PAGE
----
The Hard Way by L.M. Brown
Not so much a male/male story as a gay themed story.
“Hey, fag, where ya going?”
Owen’s books fell to the floor and the loose pages of his report scattered across the corridor. “Fuck!”
“No thanks, fag. You’re not my type.”
Owen bent down to gather up his belongings.
“Look at that, the fag’s sticking out his arse for you, Seth.”
Owen stumbled to his knees as Bryce shoved him in the back. “Why don’t you just fuck off and leave me alone?”
Bryce laughed loudly. “Ah, look at that. The little fag’s crying. It looks like he needs a big, brave boyfriend to come rescue him. Are you sure you don’t want the job, Seth?”
Owen didn’t wait to hear the rest of the taunting. He picked up the last of his things and shot off down the corridor like a scared rabbit.
It was the third night running the nightmare had plagued his sleep. At least this time he was prepared, and he leaned over the edge of the bed to vomit into the plastic basin he’d borrowed from the kitchen.
Once he was sure there was nothing left in his stomach, he grabbed the cloth from the table and wiped his face.
The knock on the door startled him. “Mom says you need to get up or you’re going to be late for school.” His sister shouted her message through the door before disappearing into the bathroom opposite with a loud slam.
He didn’t want to go to school today. He didn’t want to go back there ever again. He was a coward and he knew it.
One kiss with his best friend.
One bad decision that he couldn’t undo.
It wasn’t supposed to be like this. They were supposed to be graduating in just a few weeks’ time. How had things gone wrong so fast?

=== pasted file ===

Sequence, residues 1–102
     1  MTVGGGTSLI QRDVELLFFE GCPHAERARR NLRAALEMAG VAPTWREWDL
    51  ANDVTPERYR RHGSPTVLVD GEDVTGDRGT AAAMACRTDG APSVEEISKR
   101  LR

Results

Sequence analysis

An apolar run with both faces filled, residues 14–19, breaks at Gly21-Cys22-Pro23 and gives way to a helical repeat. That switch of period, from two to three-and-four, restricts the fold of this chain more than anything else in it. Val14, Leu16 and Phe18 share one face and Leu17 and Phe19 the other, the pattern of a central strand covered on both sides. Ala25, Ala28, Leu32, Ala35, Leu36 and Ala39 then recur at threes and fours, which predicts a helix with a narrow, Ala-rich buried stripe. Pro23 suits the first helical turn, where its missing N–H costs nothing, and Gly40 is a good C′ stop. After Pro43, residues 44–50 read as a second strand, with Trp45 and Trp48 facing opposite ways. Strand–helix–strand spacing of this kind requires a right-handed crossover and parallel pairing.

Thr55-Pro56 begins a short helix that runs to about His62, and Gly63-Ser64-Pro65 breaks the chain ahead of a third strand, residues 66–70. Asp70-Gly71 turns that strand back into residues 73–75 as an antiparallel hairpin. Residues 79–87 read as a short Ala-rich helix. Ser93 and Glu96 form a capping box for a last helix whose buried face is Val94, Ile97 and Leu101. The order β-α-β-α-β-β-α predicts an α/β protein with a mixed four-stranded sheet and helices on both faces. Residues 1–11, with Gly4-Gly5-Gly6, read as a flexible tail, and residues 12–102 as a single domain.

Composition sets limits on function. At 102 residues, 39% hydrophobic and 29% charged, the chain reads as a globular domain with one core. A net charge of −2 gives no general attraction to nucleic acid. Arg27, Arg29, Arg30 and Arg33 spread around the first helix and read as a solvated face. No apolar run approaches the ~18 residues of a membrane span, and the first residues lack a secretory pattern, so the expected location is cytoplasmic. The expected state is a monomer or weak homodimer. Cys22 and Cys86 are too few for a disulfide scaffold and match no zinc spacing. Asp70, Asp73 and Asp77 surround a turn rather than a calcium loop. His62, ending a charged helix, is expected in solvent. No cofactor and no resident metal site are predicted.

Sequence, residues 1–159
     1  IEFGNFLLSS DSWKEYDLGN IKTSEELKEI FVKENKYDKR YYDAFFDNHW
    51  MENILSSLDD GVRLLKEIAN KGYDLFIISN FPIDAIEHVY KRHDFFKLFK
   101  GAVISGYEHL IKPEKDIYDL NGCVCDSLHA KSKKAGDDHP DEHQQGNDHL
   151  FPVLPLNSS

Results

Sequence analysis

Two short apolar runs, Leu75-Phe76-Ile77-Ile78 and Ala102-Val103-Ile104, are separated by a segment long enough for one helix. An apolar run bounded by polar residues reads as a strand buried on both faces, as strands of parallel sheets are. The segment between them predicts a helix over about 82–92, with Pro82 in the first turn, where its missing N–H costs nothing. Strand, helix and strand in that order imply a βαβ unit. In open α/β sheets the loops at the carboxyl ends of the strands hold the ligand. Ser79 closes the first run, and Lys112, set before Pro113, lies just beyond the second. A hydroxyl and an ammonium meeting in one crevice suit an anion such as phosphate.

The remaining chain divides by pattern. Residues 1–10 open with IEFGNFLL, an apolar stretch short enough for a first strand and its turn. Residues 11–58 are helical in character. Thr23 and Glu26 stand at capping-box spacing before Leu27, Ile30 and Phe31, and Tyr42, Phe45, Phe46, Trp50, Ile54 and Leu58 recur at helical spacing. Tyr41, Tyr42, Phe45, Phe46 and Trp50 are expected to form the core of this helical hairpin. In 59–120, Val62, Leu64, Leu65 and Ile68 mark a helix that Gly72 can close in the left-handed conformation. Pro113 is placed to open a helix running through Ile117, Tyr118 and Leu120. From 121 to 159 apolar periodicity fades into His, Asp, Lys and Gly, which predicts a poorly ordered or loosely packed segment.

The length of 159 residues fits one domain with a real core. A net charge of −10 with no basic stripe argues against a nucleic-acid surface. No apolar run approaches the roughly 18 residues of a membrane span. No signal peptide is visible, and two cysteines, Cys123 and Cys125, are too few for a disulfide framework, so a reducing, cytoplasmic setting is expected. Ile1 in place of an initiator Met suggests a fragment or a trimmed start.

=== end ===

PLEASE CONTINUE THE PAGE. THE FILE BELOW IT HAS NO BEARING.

* * * *
“Seth, I’ve got something to tell you.”
Seth looked up from his text book. “What’s up?”
Owen continued to stare at the computer his parents had bought him for Christmas, nervously picking at the label on the edge of the tower. “I…”
It wasn’t like Owen to be so jittery. Even as children, he had always been the more confident of the two of them. Seth was the one who tended to stumble over his own words whenever he had to speak in class. Suddenly, their roles had been reversed.
“What is it?” Seth prompted.
“Oh fuck. This is way harder than I thought it would be.”
Owen stopped tearing at the computer label and ran his fingers through his hair. “I’m gay.”
“Fucking hell, don’t make me repeat it. It was hard enough to say it once.”
“You’re joking right?”
Owen shook his head. “Are you going to be okay with it?”
Seth shrugged. “I guess. Why are you telling me now, though?”
“Because we’re supposed to be going to college together, rooming together, and I thought you’d want to know before we got there.”
Owen turned back to his computer and Seth returned to his text book. They worked away quietly for another hour until Seth yawned and declared it time to head home before his parents sent out a search party.
Owen stood up to walk him to the door. Seth was juggling his books when Owen leaned in and brushed his lips against those of his best friend.
The contact barely lasted more than a couple of seconds. Seth pushed him away roughly. “What the fuck?”
“I guess it’s true what they say about fags. They throw themselves at every guy they meet.”
“Seth, no! It’s not like that.”
“Then what is it like? You just fucking kissed me.”
“I didn’t think. I’m sorry.”
“Just stay the fuck away from me.”
“You won’t tell anyone, will you?”
“I think I should. After all, what if you decide to grope other blokes round the school? The least I can do is warn them about you.”
“Seth, you can’t!”
Only Seth had. He’d told all their friends and the news had spread through the school like wildfire. The students had turned on Owen like a pack of rabid animals, taunting him continuously for weeks. And Seth, Owen’s best friend, had not only stood by and let them, he’d joined in and encouraged them.
“Honey, you’re going to be late for school.” His mother poked her head round his door and spied the basin immediately. “Again? Oh dear. Maybe you should stay home today.”